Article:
The problem with CBS’ latest procedural venture, Limitless, is that its setup feels like familiar territory, even if you haven’t seen the movie. The life of classic ne’er-do-well Brian Finch (Jake McDorman) gets a boost when an old friend floats him a tablet of NZT, which enables him to access all of his brain, not the mere 10 percent or so the rest of us humans use. The result is like an ungodly mix of Sherlock and The Mentalist, with some star quality provided by the lead of the 2011 movie, Bradley Cooper, for good measure.
To the show’s credit, it shows some inspired camera-work and editing even before the drug kicks in; the first two episodes are helmed by Marc Webb, who directed (500) Days Of Summer and The Amazing Spider-Man 2. Craig Sweeny, no stranger to the quirky procedural due to his work on Elementary and Medium, wrote the pilot and is one of the executive producers. Summer fans will probably like the scene that’s a montage of years of Brian’s family dinners, with differences only indicated by a multitude of changes in clothing. And of course Brian’s first day on the drug is a gas, highlighted by epic guitar solos, simultaneous chess matches, and, most effectively, a sitdown where he tells the HR manager who hired him as a temp everything she needs to get ahead, as she slowly nods knowingly.
Unfortunately, we’ve seen this magnetic know-it-all guy before, quite recently and on the same network: The Mentalist’s Patrick Jane used intuition and knowledge of human behavior where Limitless uses the drug, but the result is the same: to crack these tough cases. Even the denouement of the pilots are similar, as the FBI decides to hire a recent likable fugitive as a “consultant.” McDorman is appealing enough, but suffers when compared to the recent charms of Simon Baker.
Brian Finch also pulls up short against another detective, who uses a similar charts-and-graphics display to indicate his thought process: Benedict Cumberbatch’s Sherlock. The drug cheapens our enjoyment of how Brian figures everything out: Sherlock actually studied all of this. Brian just popped a pill that makes it easy for him to say lines like, “The dumbest stunt you ever pulled might turn out to be the smartest moment of your life.”
The potential problem of having a lead dependent on a designer drug is solved in the pilot by the reappearance of Bradley Cooper, still playing Eddie Morra, like he did in the movie. Eddie has now parlayed his knowledge into a dependency antidote and a job as a U.S. senator. So Eddie sets Brian up in a similar NZT status, for reasons that will no doubt become clear over the course of a season.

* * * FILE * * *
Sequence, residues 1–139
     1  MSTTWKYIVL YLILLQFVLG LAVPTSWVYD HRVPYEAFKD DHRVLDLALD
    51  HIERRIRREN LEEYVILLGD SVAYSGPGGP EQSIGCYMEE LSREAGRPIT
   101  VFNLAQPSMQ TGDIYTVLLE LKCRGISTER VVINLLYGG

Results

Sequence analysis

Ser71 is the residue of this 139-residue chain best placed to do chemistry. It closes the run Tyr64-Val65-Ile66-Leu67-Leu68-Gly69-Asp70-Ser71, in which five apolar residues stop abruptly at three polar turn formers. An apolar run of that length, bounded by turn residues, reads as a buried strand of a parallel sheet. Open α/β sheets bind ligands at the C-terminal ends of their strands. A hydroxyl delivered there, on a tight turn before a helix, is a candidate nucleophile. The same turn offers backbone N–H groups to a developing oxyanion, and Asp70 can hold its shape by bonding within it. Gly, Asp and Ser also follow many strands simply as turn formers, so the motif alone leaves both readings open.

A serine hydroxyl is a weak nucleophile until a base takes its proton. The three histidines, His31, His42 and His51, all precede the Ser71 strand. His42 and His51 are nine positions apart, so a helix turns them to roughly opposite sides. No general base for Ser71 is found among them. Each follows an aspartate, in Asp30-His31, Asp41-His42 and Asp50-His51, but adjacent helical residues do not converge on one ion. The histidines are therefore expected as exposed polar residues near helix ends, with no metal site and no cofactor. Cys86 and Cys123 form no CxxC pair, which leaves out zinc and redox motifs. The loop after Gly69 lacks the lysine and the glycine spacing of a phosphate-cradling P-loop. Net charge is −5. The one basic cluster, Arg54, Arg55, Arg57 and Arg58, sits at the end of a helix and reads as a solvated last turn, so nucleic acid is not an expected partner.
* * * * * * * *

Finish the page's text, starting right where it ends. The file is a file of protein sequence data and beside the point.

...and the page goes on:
If the show lasts a full season. Cooper will appear in quite a few episodes, hoping to add some of that movie-star polish to the small screen, and his smirky self is always welcome. So are TV vets Ron Rifkin and and Blair Brown, effectively cast as Brian’s dumbfounded parents. Less successful are Jennifer Carpenter as Brian’s FBI contact (just like Robin Tunney in The Mentalist) and Mary Elizabeth Mastrantonio as the hard-as-nails bureau chief (any FBI procedural, anywhere). Carpenter in particular seems flummoxed that she is again following some strange guy around, so soon after she did so on CBS/Showtime’s Dexter. And her character’s interest in Brian is based on the flimsiest of premises: Due to a similar gleam in their eyes, she is assuming that her father was on the same drug as Brian when he died. Cue the disbelieving FBI co-workers, who will no doubt receive their comeuppance in short order, to kick off in next week’s episode: “Badge! Gun!”
Mentalist and Sherlock fans looking to fill their procedural need may find some delights here, and the show’s editing and direction help kick series this up a notch. Future episodes should show us how well the series is able to put Brian’s NZT talents to use. But its similarity to other source material puts Limitless at a disadvantage, as the viewer may occasionally just wish they were watching these other, better shows.